As shown in FIG. 4B, the power receiving circuit 153a is made up of, for example, a capacitor 153 and a DC/DC converter 153b. The current from the connection node of the resistors 117 and 118 passes through the capacitor 153a, so that it is charged. The DC/DC converter 153b generates D.C. power from the charge stored in the capacitor 153a. The D.C. power thus generated is applied to the reception circuit 52 and the transmission circuit 55.

Returning to FIG. 4A, the reception circuit 52 is the same as the reception circuit 2 of the ISDN interface circuit. More specifically, the reception circuit 52 has resistors 119-126, and two comparators 127 and 128. The transmission circuit 55 is the same as the transmission circuit 1 of the ISDN interface circuit. More specifically, the transmission circuit 55 has driving transistors 112-115, and a control circuit 118.

FIG. 5 shows the control circuit 18 and the comparators 27 and 28, of FIGS. 2, 3 and 4A, in more detail. The control circuit 18 is made up of a controller 37, two inverting drivers 38 and 40, and two drivers 39 and 41. The controller 37 has an input terminal which receives transmission data SD from the internal circuit, and two output terminals QA and QB. The output terminal QA is connected to the base of the driving transistor 12 via the inverting driver 38 and the base of the driving transistor 15 via the driver 41. The output terminal QB is connected to the base of the driving transistor 13 via the driver 39 and the base of the driving transistor 14 via the inverting driver 40, as has been described previously. The pnp driving transistor 12 and the npn driving transistor 13 form a complementary type driving circuit, and the pnp driving transistor 14 and the npn driving transistor 15 form a complementary type driving circuit. It will be noted that R1, R2, R3 and R4 represent the resistance values of the resistors 7, 8, 9 and 10, respectively and R5, R6, R7, R8, R9, R10, R11, R12, R13 and R14 represent the resistance values of the resistors 16, 17, 19, 21, 20, 22, 23, 25, 24 and 26, respectively.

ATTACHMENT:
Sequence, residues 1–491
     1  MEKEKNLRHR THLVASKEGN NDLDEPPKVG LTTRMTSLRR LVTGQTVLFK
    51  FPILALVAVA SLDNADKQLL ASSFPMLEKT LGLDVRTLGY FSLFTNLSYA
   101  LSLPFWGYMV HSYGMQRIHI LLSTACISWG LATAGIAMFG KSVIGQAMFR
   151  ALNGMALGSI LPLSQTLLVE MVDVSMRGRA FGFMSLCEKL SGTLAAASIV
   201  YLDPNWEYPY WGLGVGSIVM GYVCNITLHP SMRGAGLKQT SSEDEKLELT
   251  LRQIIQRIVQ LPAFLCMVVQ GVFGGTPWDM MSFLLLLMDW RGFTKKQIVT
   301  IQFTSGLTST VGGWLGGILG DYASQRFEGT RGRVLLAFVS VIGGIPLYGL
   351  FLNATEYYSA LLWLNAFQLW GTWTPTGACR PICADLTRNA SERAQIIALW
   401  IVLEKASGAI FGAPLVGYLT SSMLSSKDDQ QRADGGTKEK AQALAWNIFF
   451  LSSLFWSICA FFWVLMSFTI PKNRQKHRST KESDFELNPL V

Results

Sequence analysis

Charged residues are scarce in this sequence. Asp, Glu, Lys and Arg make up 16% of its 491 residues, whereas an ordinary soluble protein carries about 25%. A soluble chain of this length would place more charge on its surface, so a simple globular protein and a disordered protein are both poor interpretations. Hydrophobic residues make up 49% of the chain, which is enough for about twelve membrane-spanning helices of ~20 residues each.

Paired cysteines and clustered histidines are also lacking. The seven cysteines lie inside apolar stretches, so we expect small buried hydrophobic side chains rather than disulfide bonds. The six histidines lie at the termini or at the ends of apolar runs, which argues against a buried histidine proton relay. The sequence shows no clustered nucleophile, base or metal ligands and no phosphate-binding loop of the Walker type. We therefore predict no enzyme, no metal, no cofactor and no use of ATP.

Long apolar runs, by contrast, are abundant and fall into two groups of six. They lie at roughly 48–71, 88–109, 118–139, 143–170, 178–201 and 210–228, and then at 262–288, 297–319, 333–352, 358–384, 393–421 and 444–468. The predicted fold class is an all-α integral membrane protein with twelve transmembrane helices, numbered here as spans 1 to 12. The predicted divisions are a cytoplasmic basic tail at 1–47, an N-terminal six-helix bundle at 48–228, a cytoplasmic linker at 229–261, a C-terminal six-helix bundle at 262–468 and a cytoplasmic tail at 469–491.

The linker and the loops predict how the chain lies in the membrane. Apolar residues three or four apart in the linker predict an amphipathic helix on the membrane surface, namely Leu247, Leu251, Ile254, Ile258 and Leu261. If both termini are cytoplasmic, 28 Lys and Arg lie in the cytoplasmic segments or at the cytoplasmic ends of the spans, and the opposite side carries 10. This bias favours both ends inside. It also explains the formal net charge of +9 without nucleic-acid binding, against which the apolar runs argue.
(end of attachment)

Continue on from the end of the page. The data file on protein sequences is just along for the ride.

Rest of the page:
The comparator 27 is formed of a differential amplifier 42, and the comparator 28 is formed of a differential amplifier 43. An OR gate 44 receives the positive pulse detection signal +RD and the negative pulse detection signal -RD, and outputs the corresponding one thereof as the received data detection signal RD.

The D.C. power source 11 is formed of a -40 V D.C. power source. The connection node of the resistors 9 and 10 is set to -40 volts with respect to the ground level. When the terminating resistance is equal to, for example, 100 ohms, R1=R2 =R3 =R4 =50 ohms.

When the transmission data SD is "1"", both the output terminals QA and QB of the controller 37 are set to "0", so that all the driving transistors 12-15 are OFF. On the other hand, when the transmission data SD is "0", the output terminal QA of the controller 37 is set to, for example, "1", so that the driving transistor 12 is turned ON, and the driving transistor 15 is turned ON. A voltage equal to [R1/(R1+R5)]VC is applied to one of the two wires of the transmission line 3, and a voltage equal to [R2/(R2+R6)]VE is applied to the other wire of the transmission line 3. Thus, the following voltage is applied across the primary winding 51a of the reception transistor 51 of the terminal device 5:

|[R1/(R1+R5)]VC -[R2/(R2+R6)]VE |.(1)

When the transmission data is "O" and the output terminal QB of the controller 37 is set to "1"", the driving transistor 13 is turned ON, and the driving transistor 14 is turned ON. Thus, a voltage equal to [R1/(R1+R5)]V3 is applied to one of the two wires of the transmission line 3, and a voltage equal to [R2/(R2+R6)]VC is applied to the other wire of the transmission line 3. Thus, the following voltage is applied across the primary winding 51a of the reception transistor 51 of the terminal device 5:

|[R2/(R2+R6)]VC -[R1/(R1+R5)]V3 |.(2)